Me (in my head): “Wow. That’s a neat idea. I don’t even want to think about how we’d pull that off, but it would be nice.”
Me: “I can’t wait until the holidays are over and we can start organizing the house – you know, finally put away that baby gear and de-clutter the closets – all that stuff I had to put on hold while you were away.”
Him (just as his terminal leave and vacation were ending): “I think it’s time to meet with the realtor. I’d like to be moved by this summer.”
Say what?! I’d been warned that the returning spouse may desire “large purchases,” want to go on “lavish vacations,” or in general, may quickly do something with large quantities of money that the homefront spouse would consider wasteful and foolish. Nothing, however, was mentioned about the spouse coming home and wanting to pack up and move ten years’ worth of life, while homeschooling no less! Definitely not foolish and wasteful; after all, we had PLANNED to move after deployment – on different timetables, obviously. All those dreams of family game nights, catching up on missed appointments (hello, wisdom teeth removal?), making time for long-delayed outings with friends, or enjoying together the many family events we muddled through with GIDaddy last year? Out.the.window. Replaced by frantic de-cluttering and packing and planning. And that plan to skip an AT this year? How about living apart for three weeks because painting 750 square feet of house while six people live – and homeschool – in it is highly impractical. Modest goals, like figuring out a workable grocery shopping routine or reassigning household responsibilities, were suddenly dwarfed by the challenge of having to create “empty space” in small closets and making our tiny house appear “spacious” without farming its minor occupants out for the indefinite future.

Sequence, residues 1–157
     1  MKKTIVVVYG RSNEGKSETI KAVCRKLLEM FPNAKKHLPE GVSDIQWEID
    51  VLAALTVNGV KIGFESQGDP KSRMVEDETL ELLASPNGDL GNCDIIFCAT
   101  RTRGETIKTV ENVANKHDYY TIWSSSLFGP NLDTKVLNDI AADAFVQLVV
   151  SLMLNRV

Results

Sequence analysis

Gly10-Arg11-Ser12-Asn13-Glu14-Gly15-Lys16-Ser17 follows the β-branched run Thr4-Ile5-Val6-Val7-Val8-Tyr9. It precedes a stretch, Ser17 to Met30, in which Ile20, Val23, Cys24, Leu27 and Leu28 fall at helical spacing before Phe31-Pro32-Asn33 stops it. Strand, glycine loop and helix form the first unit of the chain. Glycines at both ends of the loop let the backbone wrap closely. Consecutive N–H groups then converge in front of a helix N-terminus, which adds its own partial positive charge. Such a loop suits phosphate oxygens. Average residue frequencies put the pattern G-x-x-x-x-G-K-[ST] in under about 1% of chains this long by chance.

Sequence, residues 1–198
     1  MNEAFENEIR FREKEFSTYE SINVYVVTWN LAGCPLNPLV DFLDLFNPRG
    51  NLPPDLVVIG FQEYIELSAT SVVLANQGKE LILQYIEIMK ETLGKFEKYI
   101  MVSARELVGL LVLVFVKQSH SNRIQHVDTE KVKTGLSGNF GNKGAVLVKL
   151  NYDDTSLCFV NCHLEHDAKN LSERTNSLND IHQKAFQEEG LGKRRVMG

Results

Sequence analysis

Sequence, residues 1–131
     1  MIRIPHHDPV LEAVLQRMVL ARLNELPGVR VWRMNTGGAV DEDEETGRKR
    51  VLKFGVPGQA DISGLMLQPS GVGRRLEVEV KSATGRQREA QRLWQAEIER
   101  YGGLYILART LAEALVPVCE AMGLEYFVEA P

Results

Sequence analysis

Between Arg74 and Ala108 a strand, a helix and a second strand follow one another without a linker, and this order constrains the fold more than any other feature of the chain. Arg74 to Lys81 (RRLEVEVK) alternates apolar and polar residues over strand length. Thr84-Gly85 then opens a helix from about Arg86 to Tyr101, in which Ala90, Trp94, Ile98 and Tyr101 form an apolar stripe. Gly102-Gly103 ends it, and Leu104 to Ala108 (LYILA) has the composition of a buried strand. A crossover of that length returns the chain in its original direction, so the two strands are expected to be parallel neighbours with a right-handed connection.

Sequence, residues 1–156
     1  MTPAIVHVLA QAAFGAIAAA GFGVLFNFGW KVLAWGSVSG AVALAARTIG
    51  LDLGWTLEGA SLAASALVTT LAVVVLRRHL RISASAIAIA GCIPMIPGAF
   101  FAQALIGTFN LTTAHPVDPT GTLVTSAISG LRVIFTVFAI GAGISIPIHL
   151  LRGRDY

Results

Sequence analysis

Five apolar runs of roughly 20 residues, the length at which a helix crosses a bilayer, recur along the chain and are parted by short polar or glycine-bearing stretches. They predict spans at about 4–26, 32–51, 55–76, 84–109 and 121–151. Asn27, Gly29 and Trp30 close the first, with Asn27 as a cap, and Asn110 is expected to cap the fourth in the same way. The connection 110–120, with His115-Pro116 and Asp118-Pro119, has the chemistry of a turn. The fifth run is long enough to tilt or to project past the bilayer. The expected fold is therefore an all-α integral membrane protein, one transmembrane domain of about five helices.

So, the long and short of our reintegration is this: it’s been happily ever after – almost – since that wonderful, fairytale of a homecoming day. The thrill of having him back hasn’t vanished yet, and family life feels perfectly natural again, despite the stress of moving. I still pinch myself to see if it was all real, though the memories and struggles are very real. Even without a move, I know it wouldn’t have been all “diamond sunbursts, or marble halls,” to quote Anne Shirley. I suspect discouragement may have set in for our LT as he transitioned from the tempo and drive of deployment to the hum-drum routine of life with four kids and the usual work schedule. And, while the decision to move now was for the best, I think I’d have gladly worked through those challenges in exchange for enjoying the feel of a little grass growing under our feet. Hopefully said grass will be allowed to germinate soon, but until then, I may not resurface. When things do settle down, I promise to recount the amazing, miraculous blessing from God that is our new home – if not for you, for our kids – because God is good, and his mercy endures forever!
This blog post has been brought to you by the brief lull between the end of school and the last burst of crazy packing…because in less time that it takes to go through NMPS and NIACT, this house will no longer be our home!